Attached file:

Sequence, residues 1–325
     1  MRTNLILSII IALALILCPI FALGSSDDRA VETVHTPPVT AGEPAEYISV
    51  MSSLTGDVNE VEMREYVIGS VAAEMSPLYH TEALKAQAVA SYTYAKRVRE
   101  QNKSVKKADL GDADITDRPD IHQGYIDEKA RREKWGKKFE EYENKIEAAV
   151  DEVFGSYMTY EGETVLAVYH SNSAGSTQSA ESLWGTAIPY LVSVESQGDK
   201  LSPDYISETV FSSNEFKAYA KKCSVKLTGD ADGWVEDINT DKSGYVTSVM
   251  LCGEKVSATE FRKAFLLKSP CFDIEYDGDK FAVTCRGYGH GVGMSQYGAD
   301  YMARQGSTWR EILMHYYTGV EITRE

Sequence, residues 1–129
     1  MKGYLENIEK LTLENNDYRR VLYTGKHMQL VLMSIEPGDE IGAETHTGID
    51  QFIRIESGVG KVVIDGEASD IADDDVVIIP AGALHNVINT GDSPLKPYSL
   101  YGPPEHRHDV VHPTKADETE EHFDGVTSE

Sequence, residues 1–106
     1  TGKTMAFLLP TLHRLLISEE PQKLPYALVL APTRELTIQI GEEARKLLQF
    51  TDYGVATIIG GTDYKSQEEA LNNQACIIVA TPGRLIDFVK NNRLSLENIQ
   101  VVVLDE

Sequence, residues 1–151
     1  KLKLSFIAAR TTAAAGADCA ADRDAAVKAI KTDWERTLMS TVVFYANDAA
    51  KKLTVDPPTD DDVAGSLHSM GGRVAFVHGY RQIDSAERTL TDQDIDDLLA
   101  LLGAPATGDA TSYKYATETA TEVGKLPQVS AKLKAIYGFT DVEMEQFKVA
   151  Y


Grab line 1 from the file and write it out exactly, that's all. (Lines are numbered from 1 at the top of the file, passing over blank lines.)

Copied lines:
Sequence, residues 1–325